Lee - I agree. Took me five years to basically wear proudly the moniker of the A-hole lead guitar player..because I got so sick of the drugged out, doesn't know his craft, waste your time, screw up, that says he's in a band, but isn't, says he can play, but can't, says he writes, but doesn't have music up. It's a constant work around, drudge, time and energy sucker, to get these guys to get through a song, with out blowing it or falling over. Most are happy if these actually show up. It's stupid when people don't play to play, for playing sake. There is no debate...these guys want to be 'pros' but they don't put in the work.

            Truthfully though, I see this in other industries as well..guys want 'in' to say they are pilots, fire arms instructors, martial artists, car mechanics, and for the most part 99% of them are completely full of crap. Everyone wants credit for showing up, they want you to just believe them that they know what they are doing.

            We now live completely in a world of amoral nihlistic liars and unfortunately, they get in the way of starting a band, recording an album, playing good gigs. Kick them to the curb and discard this notion that 'everyone gets in' 'everyone can play'. Rolling Stone sold that crap back in the 60s and it's the big complete hippy marketed lie. All the big stars Od'd, some didn't make it. It was a sales job. Real musicians practice their craft and actually care about the music they put out.

             


        • #11
          ___

          Comment


          • #12
            Very illuminating for me, Pat, thanks, that was a great post. ^**
            ___

            Comment


          • #13
            Where I'm from the originals bands don't try to get out of the bars the cover band are playing. They just don't play them in the first place because they please those bars' clientele. They play originals venues which exist on the hopes that the collective fanbases of the handful of bands playing each night can keep everyone paid and the place in business. Nobody is making cover band money.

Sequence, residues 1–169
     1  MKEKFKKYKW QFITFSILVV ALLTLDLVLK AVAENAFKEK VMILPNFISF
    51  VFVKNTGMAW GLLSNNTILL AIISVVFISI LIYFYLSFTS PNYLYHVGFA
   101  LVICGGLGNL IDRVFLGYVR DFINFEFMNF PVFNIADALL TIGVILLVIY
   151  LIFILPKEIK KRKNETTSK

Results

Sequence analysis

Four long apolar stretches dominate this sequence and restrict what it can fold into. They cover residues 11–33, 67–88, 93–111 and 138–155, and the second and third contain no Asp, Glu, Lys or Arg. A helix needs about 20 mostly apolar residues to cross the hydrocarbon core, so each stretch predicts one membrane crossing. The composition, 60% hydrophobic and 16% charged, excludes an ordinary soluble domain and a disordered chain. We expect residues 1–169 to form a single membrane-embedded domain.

<div class="signaturecontainer">Free prog-related metal from Michigan.<br />
            <br />
            <a href="http://www.silentlapse.com" target="_blank">http://www.silentlapse.com</a></div>

            Comment


            • TIMKEYS
              TIMKEYS commented
              Editing a comment

              SLScott86 wrote:
              Where I'm from the originals bands don't try to get out of the bars the cover band are playing. They just don't play them in the first place because they please those bars' clientele. They play originals venues which exist on the hopes that the collective fanbases of the handful of bands playing each night can keep everyone paid and the place in business. Nobody is making cover band money.

              From my point of view the logical thing to do is to play both covers and original music.   I know lots of bands that do that.  We could play a 3 hour show all on original music the songwriter has written and recorded since he has 5 cds out.   concerts are the only time where we play all original stuff.    most of the time its 80/20   covers to original music.  We are the juke box in the corner kind of band and cover a wide variety of music and take lots of requests.   What you play depends on the crowd... we dont do youth dance music because thats just not the kind of people who we play for


          • #14
            You're not describing differences between originalbands and cover bands. You're describing the differences between good bands and bad bands of both types. Go check out the entry-level originals venue where you are and see if you can't spot everything you're saying about cover bands. There are plenty of kickass original bands all over the place, but playing originals out regularly doesn't make a band good by any stretch.
            <div class="signaturecontainer">Free prog-related metal from Michigan.<br />
            <br />
            <a href="http://www.silentlapse.com" target="_blank">http://www.silentlapse.com</a></div>

            Comment


            • #15
              I think that works really well from a practical standpoint, and all around depending on the genre. In rock and pop though, if your primary aspirations involve original music, an 80/20 cover split can make branding your product a little more convoluted. "Play Breaking Benjamin!" Ugh.
              <div class="signaturecontainer">Free prog-related metal from Michigan.<br />
              <br />
              <a href="http://www.silentlapse.com" target="_blank">http://www.silentlapse.com</a></div>

              Comment